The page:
Touched by God’s Tentacle

It was like making contact with an extraterrestrial, that moment when a wild octopus reached one of its eight arms of supreme intelligence out to hold my hand for a moment. If you thought drugs were the link to ecstasy, I would bet all my life’s adventures on this moment being a truly peak ecstatic experience.

snorkelingMy husband and I were snorkeling in a highly sought-after destination, Le Jardin de Corail, The Coral Garden, off the coast of Taha’a, an island in French Polynesia. Sandwiched in between two motus, two small bits of land, in the pacific ocean, is a lush underwater oasis rich with thriving hard corals, anemones, colorful clams and bright exotic fish that seem so used to being gawked at by lazy swimmers floating along on the current’s dime that they have no problem swimming up to you and along with you.

I’d heard a fellow guest of the Le Taha’a Resort mention that he saw an octopus in the coral garden, so I said to my husband, “Oh I hope we get to see the octopus!”

snorkelingWe were nearing the end of our second self-guided garden tour when I spotted it! A medium-sized reddish octopus clinging to some coral. I got my husband’s attention and we casually drifted over to observe this otherworldly creature. A minute or so later I spotted another octopus, completely camouflaged nearby. This second octopus seemed a bit more shy than the first, and in my best octopian translation seemed to be communicating to the first octopus, “Come on, let’s get outta here.” I’ve read that octopuses (which is the true plural of octopus) communicate through the cups along their tentacles. It’s how they gather and send information. So in a bizarre acrobatic-dance-like-slow-motion movement, the first octopus reached a tentacle out as far as it could possibly reach in an effort to touch its friend as if to send a message, “Don’t leave, it’s safe to stay.” But before it could make contact, the shy octopus slinked out of sight.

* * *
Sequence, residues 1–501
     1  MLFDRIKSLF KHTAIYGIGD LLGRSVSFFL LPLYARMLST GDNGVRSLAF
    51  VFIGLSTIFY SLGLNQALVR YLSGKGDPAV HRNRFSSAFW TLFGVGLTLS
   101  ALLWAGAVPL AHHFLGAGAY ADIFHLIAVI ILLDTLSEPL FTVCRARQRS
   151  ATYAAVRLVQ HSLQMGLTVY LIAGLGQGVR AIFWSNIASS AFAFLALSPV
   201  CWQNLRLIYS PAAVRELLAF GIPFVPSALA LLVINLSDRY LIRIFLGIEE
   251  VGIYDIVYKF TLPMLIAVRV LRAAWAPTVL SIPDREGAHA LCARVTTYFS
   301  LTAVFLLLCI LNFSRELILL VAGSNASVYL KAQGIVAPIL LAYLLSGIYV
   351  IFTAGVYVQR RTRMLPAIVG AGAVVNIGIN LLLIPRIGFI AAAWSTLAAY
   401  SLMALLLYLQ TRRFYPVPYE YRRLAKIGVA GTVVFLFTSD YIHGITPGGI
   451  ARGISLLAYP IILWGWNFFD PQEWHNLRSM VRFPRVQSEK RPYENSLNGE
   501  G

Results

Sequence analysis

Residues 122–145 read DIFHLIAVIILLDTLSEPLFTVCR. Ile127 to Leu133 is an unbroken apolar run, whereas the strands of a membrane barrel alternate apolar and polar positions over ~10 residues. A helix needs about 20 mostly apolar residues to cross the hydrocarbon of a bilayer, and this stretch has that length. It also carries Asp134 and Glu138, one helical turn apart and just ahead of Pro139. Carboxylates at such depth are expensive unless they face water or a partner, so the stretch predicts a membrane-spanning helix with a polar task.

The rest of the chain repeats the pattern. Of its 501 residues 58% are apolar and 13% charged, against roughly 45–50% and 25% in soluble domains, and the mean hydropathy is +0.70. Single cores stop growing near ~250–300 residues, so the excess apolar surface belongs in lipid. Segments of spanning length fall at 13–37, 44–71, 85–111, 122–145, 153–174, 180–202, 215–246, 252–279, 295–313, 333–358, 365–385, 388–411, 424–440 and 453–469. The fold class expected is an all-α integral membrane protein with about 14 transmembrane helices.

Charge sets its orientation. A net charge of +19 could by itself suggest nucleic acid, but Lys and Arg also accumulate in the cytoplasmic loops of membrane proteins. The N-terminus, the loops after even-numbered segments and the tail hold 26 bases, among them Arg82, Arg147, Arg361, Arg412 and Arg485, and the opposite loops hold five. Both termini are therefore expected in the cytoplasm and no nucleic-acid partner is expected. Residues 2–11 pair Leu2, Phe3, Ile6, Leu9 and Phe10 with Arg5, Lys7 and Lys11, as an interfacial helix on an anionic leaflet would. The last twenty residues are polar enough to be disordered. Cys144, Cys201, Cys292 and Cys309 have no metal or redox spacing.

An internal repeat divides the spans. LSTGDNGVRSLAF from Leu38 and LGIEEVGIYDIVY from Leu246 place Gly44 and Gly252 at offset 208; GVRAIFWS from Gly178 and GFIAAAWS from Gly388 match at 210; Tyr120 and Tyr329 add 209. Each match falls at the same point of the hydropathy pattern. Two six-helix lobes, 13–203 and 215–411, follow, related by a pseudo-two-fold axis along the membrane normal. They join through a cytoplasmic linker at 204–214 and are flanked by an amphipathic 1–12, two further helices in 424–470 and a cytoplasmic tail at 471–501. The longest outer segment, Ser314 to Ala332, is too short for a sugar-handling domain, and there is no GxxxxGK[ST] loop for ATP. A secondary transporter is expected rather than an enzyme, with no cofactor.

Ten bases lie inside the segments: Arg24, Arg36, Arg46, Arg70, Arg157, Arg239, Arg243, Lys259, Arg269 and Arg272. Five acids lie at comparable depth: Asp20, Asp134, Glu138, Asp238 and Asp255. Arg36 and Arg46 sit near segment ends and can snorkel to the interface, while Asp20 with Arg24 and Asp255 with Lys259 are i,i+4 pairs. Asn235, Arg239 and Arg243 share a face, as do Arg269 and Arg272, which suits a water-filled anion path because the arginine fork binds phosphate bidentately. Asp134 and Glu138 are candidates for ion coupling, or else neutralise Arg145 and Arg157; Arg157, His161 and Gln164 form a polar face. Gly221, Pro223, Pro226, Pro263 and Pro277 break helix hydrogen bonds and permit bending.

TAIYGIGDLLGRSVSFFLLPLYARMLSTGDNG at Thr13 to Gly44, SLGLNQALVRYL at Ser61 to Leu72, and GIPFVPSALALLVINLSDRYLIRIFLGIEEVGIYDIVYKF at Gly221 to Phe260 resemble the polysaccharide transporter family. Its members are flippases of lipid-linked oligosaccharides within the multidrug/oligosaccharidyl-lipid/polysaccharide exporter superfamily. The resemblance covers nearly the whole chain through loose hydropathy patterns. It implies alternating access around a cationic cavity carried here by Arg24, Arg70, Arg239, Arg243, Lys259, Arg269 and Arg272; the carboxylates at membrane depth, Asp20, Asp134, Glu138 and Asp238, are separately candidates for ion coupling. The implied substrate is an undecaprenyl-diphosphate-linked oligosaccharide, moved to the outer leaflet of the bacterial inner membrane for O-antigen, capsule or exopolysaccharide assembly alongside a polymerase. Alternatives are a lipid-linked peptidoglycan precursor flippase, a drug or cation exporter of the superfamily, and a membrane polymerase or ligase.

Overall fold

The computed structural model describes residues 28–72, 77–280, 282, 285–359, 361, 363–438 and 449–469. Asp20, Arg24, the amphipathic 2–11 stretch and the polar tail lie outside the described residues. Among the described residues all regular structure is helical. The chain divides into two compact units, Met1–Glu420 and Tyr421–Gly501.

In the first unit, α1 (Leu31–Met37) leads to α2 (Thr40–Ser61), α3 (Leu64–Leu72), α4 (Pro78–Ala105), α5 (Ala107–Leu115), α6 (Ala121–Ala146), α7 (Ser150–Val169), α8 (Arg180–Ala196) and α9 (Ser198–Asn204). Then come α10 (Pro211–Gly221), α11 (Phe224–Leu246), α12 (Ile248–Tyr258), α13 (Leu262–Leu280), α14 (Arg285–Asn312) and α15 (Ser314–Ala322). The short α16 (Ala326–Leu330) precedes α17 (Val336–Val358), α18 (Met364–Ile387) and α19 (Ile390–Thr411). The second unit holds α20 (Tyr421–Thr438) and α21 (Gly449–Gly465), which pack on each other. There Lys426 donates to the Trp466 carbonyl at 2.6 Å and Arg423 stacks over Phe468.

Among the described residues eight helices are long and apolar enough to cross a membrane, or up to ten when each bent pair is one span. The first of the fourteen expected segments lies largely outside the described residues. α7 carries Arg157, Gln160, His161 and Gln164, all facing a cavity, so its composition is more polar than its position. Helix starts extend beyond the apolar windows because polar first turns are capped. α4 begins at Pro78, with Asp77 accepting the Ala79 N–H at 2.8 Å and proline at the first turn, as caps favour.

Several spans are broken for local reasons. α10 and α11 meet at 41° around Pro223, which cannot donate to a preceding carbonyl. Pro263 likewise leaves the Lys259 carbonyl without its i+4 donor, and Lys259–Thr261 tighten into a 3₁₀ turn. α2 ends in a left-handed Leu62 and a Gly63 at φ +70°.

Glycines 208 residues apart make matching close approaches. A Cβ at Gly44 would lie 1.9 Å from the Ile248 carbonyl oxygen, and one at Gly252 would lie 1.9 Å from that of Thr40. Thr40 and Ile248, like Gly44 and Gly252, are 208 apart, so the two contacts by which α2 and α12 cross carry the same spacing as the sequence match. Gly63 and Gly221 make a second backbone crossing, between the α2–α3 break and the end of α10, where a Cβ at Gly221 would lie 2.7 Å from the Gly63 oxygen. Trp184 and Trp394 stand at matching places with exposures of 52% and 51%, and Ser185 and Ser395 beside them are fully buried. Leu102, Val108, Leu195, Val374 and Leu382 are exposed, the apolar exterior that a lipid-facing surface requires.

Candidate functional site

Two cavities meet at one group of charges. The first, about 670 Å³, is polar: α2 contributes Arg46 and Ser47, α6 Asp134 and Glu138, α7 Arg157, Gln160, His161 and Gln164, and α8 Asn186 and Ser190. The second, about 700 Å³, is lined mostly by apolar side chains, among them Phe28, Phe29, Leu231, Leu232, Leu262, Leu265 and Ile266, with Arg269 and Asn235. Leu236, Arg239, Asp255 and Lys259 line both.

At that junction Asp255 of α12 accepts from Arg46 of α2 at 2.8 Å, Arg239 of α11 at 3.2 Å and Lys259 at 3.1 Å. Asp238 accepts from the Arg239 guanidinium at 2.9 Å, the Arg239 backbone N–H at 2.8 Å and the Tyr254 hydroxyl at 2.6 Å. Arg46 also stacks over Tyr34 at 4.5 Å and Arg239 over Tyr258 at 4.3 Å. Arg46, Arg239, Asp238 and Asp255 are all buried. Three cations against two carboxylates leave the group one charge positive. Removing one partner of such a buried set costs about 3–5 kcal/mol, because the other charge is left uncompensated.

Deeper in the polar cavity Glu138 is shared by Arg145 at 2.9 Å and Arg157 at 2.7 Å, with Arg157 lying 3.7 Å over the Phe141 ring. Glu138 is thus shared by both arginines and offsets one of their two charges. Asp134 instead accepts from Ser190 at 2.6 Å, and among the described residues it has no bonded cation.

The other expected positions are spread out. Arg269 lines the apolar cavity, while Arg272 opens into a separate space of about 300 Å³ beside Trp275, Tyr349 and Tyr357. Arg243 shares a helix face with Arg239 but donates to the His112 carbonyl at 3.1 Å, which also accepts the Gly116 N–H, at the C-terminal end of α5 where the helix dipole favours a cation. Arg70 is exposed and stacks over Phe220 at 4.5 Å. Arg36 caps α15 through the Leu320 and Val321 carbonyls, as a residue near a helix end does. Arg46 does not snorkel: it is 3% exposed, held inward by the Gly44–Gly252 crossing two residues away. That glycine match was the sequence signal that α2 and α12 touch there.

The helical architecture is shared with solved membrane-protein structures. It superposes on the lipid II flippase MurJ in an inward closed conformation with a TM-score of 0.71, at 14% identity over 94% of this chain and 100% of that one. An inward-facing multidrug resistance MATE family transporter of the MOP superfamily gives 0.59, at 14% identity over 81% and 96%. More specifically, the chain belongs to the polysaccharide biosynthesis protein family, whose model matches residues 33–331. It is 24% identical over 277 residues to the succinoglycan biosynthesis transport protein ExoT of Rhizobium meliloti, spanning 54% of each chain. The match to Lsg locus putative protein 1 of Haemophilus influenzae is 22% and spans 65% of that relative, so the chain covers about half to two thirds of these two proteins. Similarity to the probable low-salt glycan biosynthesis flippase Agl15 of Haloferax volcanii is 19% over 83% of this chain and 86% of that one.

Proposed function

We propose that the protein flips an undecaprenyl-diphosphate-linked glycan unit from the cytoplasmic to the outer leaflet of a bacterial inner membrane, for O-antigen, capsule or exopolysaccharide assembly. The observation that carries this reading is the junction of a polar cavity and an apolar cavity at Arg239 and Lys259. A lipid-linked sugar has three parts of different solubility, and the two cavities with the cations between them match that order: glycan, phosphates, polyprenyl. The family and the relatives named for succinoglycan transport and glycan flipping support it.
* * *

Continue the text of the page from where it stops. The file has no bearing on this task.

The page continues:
I will refer to the first octopus as she/her from now on.

This friend leaving seemed to cause her some indecision, like a child being torn between wanting to stay and play with a new friend, and leaving the playground with her old friend. So she traveled a little here, a little there, but never fully abandoning our presence. During this whole time I concentrated on putting myself into a meditative state and opening my heart up, sending metta (universal loving kindness) to this divine being. I think the octopus could feel my revealed heart and so she chose to stay put. As I rocked gently side to side in the water’s rhythmic current, I continued to embrace this creature with my entire self in an effort to fuse our energies into one interconnected experience of life. Slowly I reached my hand out toward the octopus and left it there letting her know that I am open for contact and energetically sent the message, “I see you, we are one.” I was willing to stay there as long as it took to receive an answer, even if that answer was a rejection and a slipping away. Perhaps this special creature understood that I was simply grateful to share space with her and revel in her dignified essence, and so she allowed us to be and exist with her.

After about 8 minutes that felt like they held eternity and yet time had ceased to exist all together, this innocent, intelligent, complex and alien like entity, reached back for me, clasped my fingers with it’s delicate tentacle feelers, and then…. released me.

It was like making contact with God. This infinitely different being from myself in all physical ways felt that I understood our true oneness, and therefore reached out to touch me, bless me. Is this not the essence of spirituality? Connecting to divine source through oneness unites us with the infinite and blesses us with universal wisdom.

snorkelingI could have spent all day with this magical enchantress, but my life exists a world away. I sent the deepest, utmost gratitude and chanted Nam Myoho Renge Kyo three times to bless and protect her as I said my weepy goodbye, my salty tears merging into the salty ocean. I will likely never see her again, and this brings me great sadness. But I feel blessed in knowing that our connection has been woven forever into the fabric of our souls. May you be touched by God’s tentacle someday.

Touched by God’s Tentacle

About The Author
- Sierra was born in Sun Valley, Idaho where she began a successful competitive figure skating career. Eventually she transitioned to a career in the entertainment industry in Los Angeles where she met her loving husband. See more about Sierra at www.sierramercier.com.